Skip to comments.RUSSIANS CONVERGE ON KRIVOI ROG AND FAN OUT FROM MELITOPOL (10/25/43)
Posted on 10/25/2013 4:15:26 AM PDT by Homer_J_Simpson
Winston S. Churchill, Closing the Ring
Red Army crosses Dniepr River
Monday, October 25, 1943 www.onwar.com
Dnepropetrovsk is Ours!! Go Away Bandit of Melitopol [poster at link]
On the Eastern Front... Soviet forces under Malinovsky launch crossing of the Dniepr River at Dnepropetrovsk and Dneprodzerzhinsk. Both towns fall to Soviet troops. German troops in the area have been thinned out to meet Konev’s attacks toward Krivoy Rog. German forces from the Crimea, under Kleist, have not arrived yet.
October 25th, 1943 (MONDAY)
UNITED KINGDOM: The anti-Nazi Clandestine Radio, Soldatsender Calais begins transmitting from Crowborough, Sussex. The station carries a program of news bulletins and entertainment for the German forces and adopts the convention of speaking as a German soldiers` station situated somewhere in France. The program is transmitted on three shortwave frequencies and on the medium wave band. The medium wave broadcast is from 2000 to 0500 hours while the shortwave broadcast began at 1830 and ended at 0800 hours. A staff of 50 radio technicians operate the medium wave transmitter as well as two 100 kilowatt shortwave transmitters for U boat crew and other German seafarers. (Charles Gregor)
Frigate HMS Sarawak launched.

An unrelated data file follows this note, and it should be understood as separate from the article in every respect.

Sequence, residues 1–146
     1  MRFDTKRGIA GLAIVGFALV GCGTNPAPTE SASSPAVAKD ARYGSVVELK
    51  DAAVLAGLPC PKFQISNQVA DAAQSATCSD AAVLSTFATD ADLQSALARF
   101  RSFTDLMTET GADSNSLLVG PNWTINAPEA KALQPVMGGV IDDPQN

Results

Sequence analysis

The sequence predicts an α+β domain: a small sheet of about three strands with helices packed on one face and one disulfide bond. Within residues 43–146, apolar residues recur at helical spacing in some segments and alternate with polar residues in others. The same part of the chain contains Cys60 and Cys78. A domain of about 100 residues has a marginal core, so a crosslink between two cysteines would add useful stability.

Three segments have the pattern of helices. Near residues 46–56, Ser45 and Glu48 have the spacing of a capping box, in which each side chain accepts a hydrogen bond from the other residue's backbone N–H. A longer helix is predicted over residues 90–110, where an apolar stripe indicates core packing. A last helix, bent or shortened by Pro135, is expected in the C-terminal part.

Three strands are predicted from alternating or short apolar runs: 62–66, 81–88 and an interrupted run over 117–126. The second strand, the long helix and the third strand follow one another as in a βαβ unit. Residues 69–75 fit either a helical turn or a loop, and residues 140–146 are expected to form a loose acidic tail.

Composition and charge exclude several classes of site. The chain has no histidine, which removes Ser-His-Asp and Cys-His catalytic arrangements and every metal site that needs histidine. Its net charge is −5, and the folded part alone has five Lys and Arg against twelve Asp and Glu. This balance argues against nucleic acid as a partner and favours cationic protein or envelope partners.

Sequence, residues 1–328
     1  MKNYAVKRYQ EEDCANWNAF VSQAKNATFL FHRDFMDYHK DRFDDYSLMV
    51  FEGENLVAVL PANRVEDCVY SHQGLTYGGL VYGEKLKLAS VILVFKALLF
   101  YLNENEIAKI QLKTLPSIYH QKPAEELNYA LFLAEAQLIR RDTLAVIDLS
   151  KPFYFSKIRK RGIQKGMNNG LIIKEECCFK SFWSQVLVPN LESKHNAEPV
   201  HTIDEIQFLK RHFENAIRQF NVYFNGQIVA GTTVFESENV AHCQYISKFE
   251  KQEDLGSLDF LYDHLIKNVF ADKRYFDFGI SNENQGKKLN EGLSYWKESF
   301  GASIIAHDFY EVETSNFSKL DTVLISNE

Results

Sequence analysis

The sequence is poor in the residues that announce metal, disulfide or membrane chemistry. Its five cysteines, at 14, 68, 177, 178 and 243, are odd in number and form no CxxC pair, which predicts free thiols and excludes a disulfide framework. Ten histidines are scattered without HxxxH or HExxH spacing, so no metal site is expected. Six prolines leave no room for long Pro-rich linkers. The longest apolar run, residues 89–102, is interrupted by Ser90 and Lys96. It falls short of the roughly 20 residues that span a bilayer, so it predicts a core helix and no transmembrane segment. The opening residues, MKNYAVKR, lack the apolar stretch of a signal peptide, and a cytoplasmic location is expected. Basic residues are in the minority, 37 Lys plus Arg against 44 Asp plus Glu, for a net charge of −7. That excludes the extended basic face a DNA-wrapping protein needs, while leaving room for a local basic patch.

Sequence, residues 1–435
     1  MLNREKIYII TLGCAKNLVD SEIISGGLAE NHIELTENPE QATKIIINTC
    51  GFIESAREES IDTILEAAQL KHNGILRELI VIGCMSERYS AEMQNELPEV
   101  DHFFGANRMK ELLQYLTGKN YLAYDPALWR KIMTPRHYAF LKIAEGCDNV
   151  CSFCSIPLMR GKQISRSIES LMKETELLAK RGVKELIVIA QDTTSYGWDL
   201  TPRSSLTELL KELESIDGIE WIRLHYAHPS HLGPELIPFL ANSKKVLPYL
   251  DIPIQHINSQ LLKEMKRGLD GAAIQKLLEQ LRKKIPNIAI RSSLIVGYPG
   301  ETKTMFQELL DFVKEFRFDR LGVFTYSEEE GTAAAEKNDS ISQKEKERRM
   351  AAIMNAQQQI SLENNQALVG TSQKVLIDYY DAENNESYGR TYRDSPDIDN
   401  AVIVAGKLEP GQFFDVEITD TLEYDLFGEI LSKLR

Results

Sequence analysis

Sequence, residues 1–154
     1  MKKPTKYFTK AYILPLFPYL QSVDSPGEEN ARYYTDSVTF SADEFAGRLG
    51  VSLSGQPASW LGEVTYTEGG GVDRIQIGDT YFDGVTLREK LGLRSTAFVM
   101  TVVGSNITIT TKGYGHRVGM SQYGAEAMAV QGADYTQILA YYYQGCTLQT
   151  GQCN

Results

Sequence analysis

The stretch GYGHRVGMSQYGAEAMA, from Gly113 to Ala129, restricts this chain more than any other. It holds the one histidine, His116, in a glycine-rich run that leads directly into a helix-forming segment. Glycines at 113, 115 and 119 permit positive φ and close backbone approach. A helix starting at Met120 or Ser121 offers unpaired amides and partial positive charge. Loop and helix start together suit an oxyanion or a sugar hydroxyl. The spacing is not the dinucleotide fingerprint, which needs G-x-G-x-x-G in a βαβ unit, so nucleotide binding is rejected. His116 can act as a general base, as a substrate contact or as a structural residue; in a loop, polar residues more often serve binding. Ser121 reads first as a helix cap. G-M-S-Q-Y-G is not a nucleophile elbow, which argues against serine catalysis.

Escort carrier HMS Patroller commissioned.
Destroyer HMS Kempenfelt commissioned.
Frigate HMS Bullen commissioned.
Submarines HMS Spirit and Telemachus commissioned.
GERMANY: During the night of 25/26 October, 19 RAF Bomber Command Stirlings lay mines in the Kattegat without loss.
U-678, U-865 commissioned.
U.S.S.R.: Forces under Malinovsky attack across the Dniepr at Dneporoetrovsk and Dnierodzerzhinsk. Holding a defensive position on the Dniepr River has been a major problem for the Germans.
ITALY: Allied commanders decide that the initiative must be retained in Italy in order to pin down German forces there and prevent them from massing for a counteroffensive before the spring 1944.
The U.S. Fifth Army, with positions north of the Volturno River firmly established, is ready for a drive against German delaying positions in the mountains from Mt. Massico on the west coast to the Matese mountains on the right boundary. In the VI Corps area, the 135th Infantry Regiment of the 34th Infantry Division moves forward to take up pursuit toward Ailano.